Poken not

by Volker Weber


Two days ago I asked on Facebook and Twitter: "Did you use a Poken in 2010?" The most telling answer was: " As usual I have no idea what you're talking about." So, what's a Poken? Two Pokens exchange information when you put them together. It's designed to be the new business card. Until two days ago, I saw three problems:

  1. They look silly.
  2. They cannot achieve critical mass.
  3. You have to carry it with you.

But there is a real killer: the Poken has a CR1632 lithium battery which only lasts for six months at best. It won't charge on your USB port. By the time you finally want to use it, the battery is probably going to be dead.

There are quite a few software solutions for iPhone & Co (examples: 1, 2). They don't look silly, you don't have to carry something extra. But they also fail to achieve critical mass.

Until then I am keeping this as a photo on my phones. QR codes are not mainstream yet. But they are increasingly used so people might eventually know what to do with them.


If you had the caveman or ninja Poken you'd feel differently about them ;o)

Agree with the comment that they need to achieve a critical mass to become useful. And my battery has run out.

What do you think would be the effect of handing one to each of 5,000 Lotusphere attendees? A good opportunity to use them during the week, and then the word would spread when people return to their daily lives.

I'm not convinced by the idea of having business card data for everyone I meet on my mobile phone. I'm looking at the stack of cards here on my desk and thinking I don't want that much info jamming up my BlackBerry address book.

Darren Adams, 2010-11-10

Handing out Pokens to everyone at a conference is the their business model. But 5000 new Pokens is a drop in the desert. When people return to their daily lives, they are going to be the only one who owns a Poken. That is about as sexy as being the only one with a phone.

And yes, I don't think I would want everybody in my address book as well.

Volker Weber, 2010-11-10

Well , an passport/ID card with rfid ship can do the same :-) at least i think so.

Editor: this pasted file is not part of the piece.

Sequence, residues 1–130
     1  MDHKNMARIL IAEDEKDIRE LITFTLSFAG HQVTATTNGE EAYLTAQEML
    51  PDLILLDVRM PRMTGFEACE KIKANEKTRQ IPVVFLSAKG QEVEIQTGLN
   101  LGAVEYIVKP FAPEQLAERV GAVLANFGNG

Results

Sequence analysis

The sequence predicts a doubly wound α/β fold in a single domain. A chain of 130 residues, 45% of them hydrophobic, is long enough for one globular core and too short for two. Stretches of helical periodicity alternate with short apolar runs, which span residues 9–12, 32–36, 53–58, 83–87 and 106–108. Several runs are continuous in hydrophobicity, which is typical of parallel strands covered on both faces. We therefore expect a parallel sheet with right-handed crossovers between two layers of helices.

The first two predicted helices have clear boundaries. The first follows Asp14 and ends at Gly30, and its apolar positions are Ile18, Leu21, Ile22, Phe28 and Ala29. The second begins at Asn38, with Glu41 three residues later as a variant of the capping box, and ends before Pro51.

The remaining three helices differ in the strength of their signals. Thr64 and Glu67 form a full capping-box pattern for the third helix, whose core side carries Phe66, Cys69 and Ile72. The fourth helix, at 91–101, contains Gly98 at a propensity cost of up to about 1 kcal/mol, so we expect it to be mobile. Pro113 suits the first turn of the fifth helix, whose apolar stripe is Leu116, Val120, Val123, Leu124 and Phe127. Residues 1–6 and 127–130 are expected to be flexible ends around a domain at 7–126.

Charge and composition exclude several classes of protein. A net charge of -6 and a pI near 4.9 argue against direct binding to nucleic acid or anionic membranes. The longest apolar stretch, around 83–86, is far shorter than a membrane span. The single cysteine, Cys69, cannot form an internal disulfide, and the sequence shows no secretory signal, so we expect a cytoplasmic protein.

thorsten ebers, 2010-11-10

The CR1632 aren't easy to find and after a replacement, my poken remained dead.

btw, hoccer is a third solution for more than contacts and both xing and linked adopted the mobile handshake, but handling is still far to complicated.

And don't forget to add Bluetooth/IRDA on the early mobiles to the history of failures. I remember a time when exchanging cards via the Nokia Communicator was hip.

Kai Nehm, 2010-11-10

I know I have used it successfully at a few geek conferences, and over in Asia. Here, no. Also with 5k people, it only holds 50 at a time before sync is needed. I do like the idea that is also lets you look like you are trading information, but it puts a ghost entry for yourself there until you approve it.

All the apps have business models for the iPhone and Android. One that is web based, multiple cards support, web widgets, social network links, hide what areas you wish per card and more is NyNameIsE. I still use that service and allows me to send my card via email.

You can view my current online card right here for demo.

Chris Miller, 2010-11-10

On my Nokia I just have a Contact entry with my own data (including picture). If someone wants it I bluetooth it to his mobile, that's it. I can even limit the data down to only one detail like phone number or email address.

Sorry, I just forgot there are some phones around, which use bluetooth only for headsets ;-)

Wolfgang Siebeck, 2010-11-11

Having a built-in app to exchange contact information tops my list of things missing on the iPhone.

Does Palm own a patent for beaming a business card?

Eric Garneau, 2010-11-11

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